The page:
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Beginner’s Guide: Streaking Liudmila Samsonova closes in on US Open breakthrough
The former world No. 25 narrowly missed out on a seed but is in the midst of a summer renaissance, winning her last two tournaments in Washington, D.C. and Cleveland.
Published Aug 31, 2022
WATCH: Samsonova won a 10th straight match to capture her third career title in Cleveland last week.
Word around the grounds is that the US Open courts are playing quicker than ever in 2022, something Liudmila Samsonova confirmed after her first-round victory on Monday.
“They are so fast,” she told me after defeating Czech qualifier Sara Bejlek in straight sets, “so fast that I didn’t expect it. I don’t remember this from last year, but I like them.”
The 23-year-old has found plenty to like on every court of late as she rides an 11-match winning streak into the second round in Flushing Meadows, a streak that includes titles at the Citi Open and Tennis In The Land in Cleveland.
Set to face 2021 finalist Leylah Fernandez on Wednesday, get to know one of the draw’s most dangerous floaters:
Samsonova began playing tennis at Riccardo Piatti’s academy in Italy, and even played under the Italian flag before switching to Russia as her pro career kicked off in 2019.
Enduring a bumpy transition due to the ensuing global pandemic, the heavy-hitter found immense success on grass last summer, barreling to her first WTA title as a qualifier in Berlin.
“Three years ago, when I was playing on grass and I didn't have this serve and I didn't have this power and aggressive game, I was not feeling this way,” she told WTA Insider after scoring consecutive wins over Veronika Kudermetova, Madison Keys, Victoria Azarenka, and Belinda Bencic in the final. “So I think it's the work that paid off.”
She continued that form at her debut Wimbledon, where she earned a wild card and reached the second week after defeating Jessica Pegula and Sloane Stephens.
Samsonova’s anticipated return to grass was impacted by the news that neither she nor her fellow Russian and Belarusian athletes would be permitted to play Wimbledon due to their countries’ invasion into Ukraine.
Compiling a 1-7 record after reaching the Porsche Tennis Grand Prix semifinals—which coincides to when the announcement was made—she threw herself into a training bloc that made her fit and ready for the North American hard-court swing.
I feel like, even though it’s August, it’s more like March-April, so I feel like I’m only at the beginning of my season, and I just want to play as many matches as possible. Liudmila Samsonova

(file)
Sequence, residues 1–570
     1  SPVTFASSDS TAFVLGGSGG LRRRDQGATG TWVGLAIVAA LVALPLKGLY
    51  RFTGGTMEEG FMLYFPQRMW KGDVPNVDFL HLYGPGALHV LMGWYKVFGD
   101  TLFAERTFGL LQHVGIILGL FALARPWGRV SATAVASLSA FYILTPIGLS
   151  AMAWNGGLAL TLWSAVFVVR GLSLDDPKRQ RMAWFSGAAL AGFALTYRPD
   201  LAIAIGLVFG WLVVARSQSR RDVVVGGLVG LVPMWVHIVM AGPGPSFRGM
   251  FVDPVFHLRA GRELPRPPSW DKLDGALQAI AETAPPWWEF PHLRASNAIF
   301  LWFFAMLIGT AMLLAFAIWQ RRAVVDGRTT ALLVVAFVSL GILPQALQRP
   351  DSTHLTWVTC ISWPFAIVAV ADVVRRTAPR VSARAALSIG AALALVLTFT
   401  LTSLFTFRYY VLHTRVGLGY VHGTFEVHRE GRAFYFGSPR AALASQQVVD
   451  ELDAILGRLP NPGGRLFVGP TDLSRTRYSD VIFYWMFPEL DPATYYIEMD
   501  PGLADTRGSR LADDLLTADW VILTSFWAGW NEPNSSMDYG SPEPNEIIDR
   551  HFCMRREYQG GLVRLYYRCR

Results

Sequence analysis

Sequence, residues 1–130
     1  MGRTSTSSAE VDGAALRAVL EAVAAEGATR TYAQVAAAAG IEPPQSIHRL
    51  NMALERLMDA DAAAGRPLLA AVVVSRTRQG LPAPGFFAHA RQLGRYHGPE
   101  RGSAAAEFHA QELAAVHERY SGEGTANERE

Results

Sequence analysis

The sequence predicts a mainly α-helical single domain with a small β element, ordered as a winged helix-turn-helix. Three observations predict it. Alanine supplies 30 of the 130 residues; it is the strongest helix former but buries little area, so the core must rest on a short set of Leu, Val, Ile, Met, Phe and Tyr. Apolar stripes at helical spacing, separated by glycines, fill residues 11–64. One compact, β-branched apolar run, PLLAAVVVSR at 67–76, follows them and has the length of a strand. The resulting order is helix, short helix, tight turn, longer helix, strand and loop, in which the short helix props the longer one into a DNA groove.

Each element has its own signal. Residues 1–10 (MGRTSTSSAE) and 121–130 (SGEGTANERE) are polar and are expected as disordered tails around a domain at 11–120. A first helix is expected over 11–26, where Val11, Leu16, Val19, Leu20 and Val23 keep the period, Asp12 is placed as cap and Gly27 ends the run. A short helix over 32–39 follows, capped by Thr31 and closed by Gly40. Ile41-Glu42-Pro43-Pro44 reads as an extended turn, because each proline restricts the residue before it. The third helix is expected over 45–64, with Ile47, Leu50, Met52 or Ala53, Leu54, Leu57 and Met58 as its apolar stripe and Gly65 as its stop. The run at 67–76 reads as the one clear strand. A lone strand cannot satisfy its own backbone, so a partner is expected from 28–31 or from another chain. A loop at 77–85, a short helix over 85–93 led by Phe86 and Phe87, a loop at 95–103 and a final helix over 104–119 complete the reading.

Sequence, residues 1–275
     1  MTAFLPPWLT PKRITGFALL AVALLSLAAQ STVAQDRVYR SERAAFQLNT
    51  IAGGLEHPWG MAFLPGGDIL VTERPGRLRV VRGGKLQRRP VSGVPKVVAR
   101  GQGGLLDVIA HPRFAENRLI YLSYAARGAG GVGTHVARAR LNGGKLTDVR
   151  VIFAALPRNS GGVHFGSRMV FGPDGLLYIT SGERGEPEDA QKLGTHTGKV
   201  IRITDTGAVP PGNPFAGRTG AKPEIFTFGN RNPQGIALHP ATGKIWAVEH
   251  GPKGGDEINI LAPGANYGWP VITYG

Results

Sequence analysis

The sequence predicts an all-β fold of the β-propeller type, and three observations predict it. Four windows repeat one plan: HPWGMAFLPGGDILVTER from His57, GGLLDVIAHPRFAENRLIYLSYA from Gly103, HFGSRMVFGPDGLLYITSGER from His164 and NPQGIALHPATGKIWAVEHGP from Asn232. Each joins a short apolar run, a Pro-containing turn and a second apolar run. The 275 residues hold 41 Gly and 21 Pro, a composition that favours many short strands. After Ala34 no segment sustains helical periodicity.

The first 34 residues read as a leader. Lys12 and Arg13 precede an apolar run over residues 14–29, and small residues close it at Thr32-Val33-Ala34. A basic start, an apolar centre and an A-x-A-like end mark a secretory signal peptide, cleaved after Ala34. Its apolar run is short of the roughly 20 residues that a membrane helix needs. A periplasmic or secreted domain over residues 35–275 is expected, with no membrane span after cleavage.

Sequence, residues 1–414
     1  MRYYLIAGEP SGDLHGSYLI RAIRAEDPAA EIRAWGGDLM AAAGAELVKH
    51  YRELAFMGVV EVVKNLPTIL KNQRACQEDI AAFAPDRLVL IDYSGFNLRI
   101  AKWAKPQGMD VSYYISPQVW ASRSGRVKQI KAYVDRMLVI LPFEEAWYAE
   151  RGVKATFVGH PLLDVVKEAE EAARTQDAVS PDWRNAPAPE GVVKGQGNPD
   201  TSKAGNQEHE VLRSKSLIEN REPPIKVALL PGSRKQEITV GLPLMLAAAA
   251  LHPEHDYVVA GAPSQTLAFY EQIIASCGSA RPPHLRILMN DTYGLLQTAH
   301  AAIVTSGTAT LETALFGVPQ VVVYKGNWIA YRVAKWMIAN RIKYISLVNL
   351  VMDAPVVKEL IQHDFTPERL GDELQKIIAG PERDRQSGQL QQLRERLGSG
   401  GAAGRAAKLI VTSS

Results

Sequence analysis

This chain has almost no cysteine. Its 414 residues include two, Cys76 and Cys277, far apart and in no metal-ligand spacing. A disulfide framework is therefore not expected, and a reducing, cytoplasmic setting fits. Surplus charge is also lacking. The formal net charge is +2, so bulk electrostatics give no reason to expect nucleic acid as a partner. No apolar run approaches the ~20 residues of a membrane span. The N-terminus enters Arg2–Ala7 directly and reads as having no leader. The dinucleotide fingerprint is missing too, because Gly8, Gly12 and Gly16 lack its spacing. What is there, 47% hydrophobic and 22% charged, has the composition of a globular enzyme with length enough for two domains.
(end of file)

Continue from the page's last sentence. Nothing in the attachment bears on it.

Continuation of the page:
“When I learned this news, I was, of course, sad, but I said to myself, ‘Ok, I need this time; I need this month and a half to prepare because I felt that my game has to improve. I think I used it very well,’” she said on Monday. “I tried to see it as an opportunity.”
An opportunity well-taken: Samsonova hasn’t lost a match since missing Wimbledon, first winning the Citi Open in Washington, D.C. and then returning to action in Cleveland where she blitzed the field without losing a set.
“I started to feel differently, mentally, and also my game was a little bit different from before. I was thinking to myself, ‘Ok, let’s see how this is all going to work.’ But it’s been amazing.”
Two days after trouncing Aliaksandra Sasnovich in the Cleveland final, she was heading to New York to play her first match at the US Open. Feeling fresh despite the tight turnaround, she emerged on Court 7 to win her 14th straight set against Bejlek—an in-form teenager who defeated former No. 10 Kristina Mladenovic en route to her maiden Grand Slam main draw.
“I know how the public is here, how the fans are, and the energy they bring. If I play against an American I know what’s going to happen, and that’s fine! But there’s a lot of good energy here. I try to see a lot of things when I’m here. It’s good to have a hotel in Manhattan because you can go everywhere and you feel free. It’s amazing in New York.”
Why It Matters
Where many of her fellow competitors are likely feeling the fatigue of a fourth Grand Slam, Samsonova is on an entirely different wavelength after her summer sabbatical, and aims to channel her refreshed perspective into another deep run at a major tournament.
“I feel like, even though it’s August, it’s more like March-April, so I feel like I’m only at the beginning of my season, and I just want to play as many matches as possible.”